US Drought Portal Includes USCRN Data
Soil moisture data from the NOAA Air Resources Laboratory’s (ARL) US Climate Reference Network (USCRN) is now publicly available through the redesigned U.S. Drought Portal. The portal, Drought.gov, which is hosted by NOAA’s National Integrated Drought Information System (NIDIS), was re-launched under a revised National Coordinated Soil Moisture Monitoring Network. The new network was designed to integrate soil moisture data from sources across federal and state in-situ networks, such as USCRN; remote sensing data; and other modeling capabilities.
Since 2008, NIDIS, ARL and the National Centers for Environmental Information (NCEI) have collaborated to install and manage not only the soil moisture sensors but also the data acquisition integration, data ingest, and quality control for observations at 113 sites in the CONUS. ARL installs and maintains USCRN, a network of 138 climate monitoring stations with sites across the continental US (CONUS), Alaska, and Hawaii. These stations use high-quality instrumentation to measure the primary variables of air temperature, precipitation, wind speed, soil moisture and temperature (CONUS only), and other secondary variables such as ground temperature, solar radiation, and 1.5m wind speed to ensure quality control of the primary measurements. The entire suite of quality controlled USCRN data, including soil moisture data, are also available via NOAA’s NCEI.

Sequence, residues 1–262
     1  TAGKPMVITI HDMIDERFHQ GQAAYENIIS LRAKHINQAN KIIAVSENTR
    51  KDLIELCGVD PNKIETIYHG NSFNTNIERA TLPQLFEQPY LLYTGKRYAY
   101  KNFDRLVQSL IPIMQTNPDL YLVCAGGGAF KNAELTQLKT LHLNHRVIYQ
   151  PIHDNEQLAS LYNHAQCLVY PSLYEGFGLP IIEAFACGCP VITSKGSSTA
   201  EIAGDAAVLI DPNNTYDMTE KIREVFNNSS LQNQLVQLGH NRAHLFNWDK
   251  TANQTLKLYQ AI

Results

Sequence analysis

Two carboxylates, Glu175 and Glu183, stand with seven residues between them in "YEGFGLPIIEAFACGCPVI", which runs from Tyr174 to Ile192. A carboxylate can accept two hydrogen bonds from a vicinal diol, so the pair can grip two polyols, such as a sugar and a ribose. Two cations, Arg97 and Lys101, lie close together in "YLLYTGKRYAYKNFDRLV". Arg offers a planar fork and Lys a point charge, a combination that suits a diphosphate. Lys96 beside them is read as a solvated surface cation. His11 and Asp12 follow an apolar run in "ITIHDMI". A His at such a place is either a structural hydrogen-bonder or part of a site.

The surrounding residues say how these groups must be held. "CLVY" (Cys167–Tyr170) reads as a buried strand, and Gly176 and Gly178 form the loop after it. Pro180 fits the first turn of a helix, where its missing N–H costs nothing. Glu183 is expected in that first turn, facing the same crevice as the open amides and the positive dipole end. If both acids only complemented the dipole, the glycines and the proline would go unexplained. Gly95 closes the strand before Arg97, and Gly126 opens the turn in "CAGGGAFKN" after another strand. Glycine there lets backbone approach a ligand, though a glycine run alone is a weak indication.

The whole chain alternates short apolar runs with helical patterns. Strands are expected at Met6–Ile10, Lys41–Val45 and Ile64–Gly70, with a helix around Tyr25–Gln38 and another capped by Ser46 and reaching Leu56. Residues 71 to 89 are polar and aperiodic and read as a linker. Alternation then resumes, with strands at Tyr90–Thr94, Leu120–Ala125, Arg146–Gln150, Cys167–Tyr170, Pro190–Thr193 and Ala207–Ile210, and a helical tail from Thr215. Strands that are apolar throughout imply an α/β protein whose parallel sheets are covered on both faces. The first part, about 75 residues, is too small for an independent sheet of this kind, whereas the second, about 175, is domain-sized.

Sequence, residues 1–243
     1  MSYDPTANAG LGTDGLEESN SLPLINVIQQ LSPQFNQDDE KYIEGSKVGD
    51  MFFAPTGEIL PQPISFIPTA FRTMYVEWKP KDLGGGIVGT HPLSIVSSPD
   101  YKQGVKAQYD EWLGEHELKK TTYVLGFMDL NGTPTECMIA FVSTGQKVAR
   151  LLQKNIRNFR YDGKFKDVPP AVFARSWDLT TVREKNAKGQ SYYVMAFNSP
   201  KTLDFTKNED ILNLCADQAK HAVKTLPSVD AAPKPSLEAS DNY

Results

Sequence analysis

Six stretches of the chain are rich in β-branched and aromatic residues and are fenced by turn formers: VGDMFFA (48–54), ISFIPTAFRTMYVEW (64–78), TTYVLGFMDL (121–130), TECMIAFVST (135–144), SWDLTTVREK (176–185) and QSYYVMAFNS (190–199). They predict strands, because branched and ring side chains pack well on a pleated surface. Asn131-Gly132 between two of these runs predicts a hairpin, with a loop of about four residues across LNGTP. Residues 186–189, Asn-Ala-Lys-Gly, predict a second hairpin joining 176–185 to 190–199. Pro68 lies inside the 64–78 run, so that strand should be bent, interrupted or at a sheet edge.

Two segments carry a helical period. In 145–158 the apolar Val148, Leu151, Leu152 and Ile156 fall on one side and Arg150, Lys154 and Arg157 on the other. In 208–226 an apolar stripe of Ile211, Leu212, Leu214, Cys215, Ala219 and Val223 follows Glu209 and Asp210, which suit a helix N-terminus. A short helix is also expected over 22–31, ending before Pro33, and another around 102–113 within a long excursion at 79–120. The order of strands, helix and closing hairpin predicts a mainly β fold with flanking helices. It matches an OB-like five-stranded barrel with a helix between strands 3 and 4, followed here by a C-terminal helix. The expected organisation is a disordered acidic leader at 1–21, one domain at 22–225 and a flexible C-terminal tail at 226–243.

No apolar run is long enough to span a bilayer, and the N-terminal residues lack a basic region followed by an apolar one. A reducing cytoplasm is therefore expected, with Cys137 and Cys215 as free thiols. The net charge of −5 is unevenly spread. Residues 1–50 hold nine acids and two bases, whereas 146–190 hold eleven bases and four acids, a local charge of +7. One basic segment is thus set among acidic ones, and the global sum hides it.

Soil moisture is a critical land surface variable as it impacts a range of climatological, agricultural, and hydrological processes. Soil moisture observations can forewarn of impending drought or flood conditions before other more standard indicators are triggered. These measurements are useful for applications ranging from agricultural monitoring to weather prediction, and from drought to flood forecasting.
The new Drought.gov website is user friendly, with interactive architecture designed to provide actionable information, and easy-to-understand graphics describing current drought conditions and forecasts by city, county, state, zip code, and at watershed to global scales. It provides users with drought impact data for economic sectors such as agriculture, energy, water utilities, tourism and recreation, bringing together interactive maps and data in a user-friendly experience.